Monday, July 30, 2012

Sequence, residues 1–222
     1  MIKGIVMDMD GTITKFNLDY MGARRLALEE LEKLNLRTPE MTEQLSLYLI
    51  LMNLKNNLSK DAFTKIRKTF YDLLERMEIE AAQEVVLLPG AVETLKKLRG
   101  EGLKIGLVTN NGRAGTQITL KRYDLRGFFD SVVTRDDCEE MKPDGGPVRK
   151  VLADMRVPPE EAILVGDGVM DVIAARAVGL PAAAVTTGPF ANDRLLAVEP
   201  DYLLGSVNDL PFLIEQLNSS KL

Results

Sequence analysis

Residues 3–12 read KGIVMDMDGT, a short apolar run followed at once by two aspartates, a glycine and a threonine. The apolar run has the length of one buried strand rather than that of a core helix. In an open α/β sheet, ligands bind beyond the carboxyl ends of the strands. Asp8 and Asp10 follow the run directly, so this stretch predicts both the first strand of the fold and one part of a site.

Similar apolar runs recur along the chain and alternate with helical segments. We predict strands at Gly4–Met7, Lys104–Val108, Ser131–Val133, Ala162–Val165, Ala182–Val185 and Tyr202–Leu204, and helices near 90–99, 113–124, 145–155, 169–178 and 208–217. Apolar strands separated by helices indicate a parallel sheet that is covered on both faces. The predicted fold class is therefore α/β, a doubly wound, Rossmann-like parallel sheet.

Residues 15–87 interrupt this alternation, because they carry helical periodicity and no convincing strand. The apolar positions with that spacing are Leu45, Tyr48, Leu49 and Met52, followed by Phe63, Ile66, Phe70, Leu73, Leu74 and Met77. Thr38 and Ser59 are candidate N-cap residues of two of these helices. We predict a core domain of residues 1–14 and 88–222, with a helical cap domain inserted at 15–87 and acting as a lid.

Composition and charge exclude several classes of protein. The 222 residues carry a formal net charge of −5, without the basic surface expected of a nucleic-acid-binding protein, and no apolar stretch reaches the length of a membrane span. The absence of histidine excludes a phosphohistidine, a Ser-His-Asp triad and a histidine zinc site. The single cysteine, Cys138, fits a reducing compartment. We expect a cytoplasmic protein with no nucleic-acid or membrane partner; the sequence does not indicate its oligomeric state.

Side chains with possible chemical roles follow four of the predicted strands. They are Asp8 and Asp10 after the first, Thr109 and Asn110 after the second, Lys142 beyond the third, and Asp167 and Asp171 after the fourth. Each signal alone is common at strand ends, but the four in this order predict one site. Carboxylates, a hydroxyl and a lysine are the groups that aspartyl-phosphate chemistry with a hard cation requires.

During the “Golden Age” of Hollywood, Metro-Goldwyn-Mayer Studios put all its eggs in one basket – along with a little dog, too. Amidst much media hype, MGM premiered The Wizard of Oz in 1939, hoping to ride the tailcoat of Disney’s success with its fairytale Snowhite and the Seven Dwarfs. The movie-making powerhouse left nothing on the yellow brick road in the making or promoting of its film, but another much-anticipated, highly controversial epic tale blew it away at the box office. Gone With The Wind, even with all of its problems and setbacks, was the easy victor between the two at the time. Scarlet O’Hara is really hardly a fair opponent for little Dorothy Gale, but over time the popularity gap between the two movies has lessened and each remains in the top 10 of the top 100 movies of all time, according to the American Film Institute which lists GWTH at four and Oz at six. In the Wizard of Oz, Dorothy, who has been trying to get home to Kansas, finally gets a little hint from the Good Witch of the North (which, incidentally, in the book The Wonderful Wizard of Oz, is the Good Witch of the South. I wonder if that was changed in the script because of Scarlet… hmmm). Dorothy needs to click her heels three times and chant “there’s no place like home, there’s no place like home, there’s no place like home.” Listed as one of the most quoted movie lines ever (though well behind “Frankly, my dear…"), Dorothy’s sentiments are just so simple and true. The kids and I felt it the closer we got to home on Sunday. I packed up the cabin on Sunday after worshipping with the church at Goodman Oaks church of Christ and we moved home to prepare the girls for school which begins in just over a week. The summer hasn’t gone quite as efficiently as we had hoped because of a couple of trips home, two during which we battled our own sicknesses, and Eli’s bumpy road, but because of the efforts of the people at Jellystone Campground and RV Resort Park in Horn Lake, Mississippi, our family was able to have quick access to each other and spend time together as a family when we could. I will not be able to adequately express our gratitude for the people there and for the facility that they offer. The kids and I, mostly, stayed at Jellystone while Vic and Eli lived at Target House. St. Jude only allows four family members including the patient to stay at Target House, the apartment housing supporting St. Jude. Vic and I wanted to be close to Eli and wanted the kids to get to be with Eli when he could be around them in an attempt to preserve our family unit. It’s interesting – just a quick side note here – before I even knew Vic, he has said he chose a career path in college and subsequently jobs that would keep him at home with his family, and I’ve always said I didn’t marry him just to be away from him, nor did I have kids just to be away from them, so all these years we’ve been making choices and sacrifices to put our unity as a family first and this monster takes a swipe at us. It is frustrating. Anyway, back to Jellystone: A tremendous burden was lifted when we found this place. The owners were generous and flexible with us and our situation, and the people we met that work the grounds, Tom and Linda, were friendly and helpful. Carole in the office was nothing short of a blessing to us as we just had to kind of take each day as it came. By the way, please, pray for her sister who is currently fighting breast cancer. The campground itself is clean, well-maintained, quiet, and attracts (for the most part, there is always the exception to everything) a conscientious clientele (I hate smoking at the pool. That would be my only disappointment is that they allow smoking at the pool. I have never understood why smokers think just because they are outside that the stench they are blowing in the air somehow transforms into roses. It still stinks, and my kids, and yours, are still breathing it). The cabin was perfect for our needs. It was clean and well equipped with the necessities, plus the kids loved the loft. The location is convenient to anything and more than we needed, plus it was an easy drive to Target House or St. Jude, well within what we drive to church here at home. It was not the summer we expected, nor the summer for which we had hoped, but the burden which was laid upon us was lessened by the good people of Jellystone. Just as many of you did this summer, we created memories with our family, too.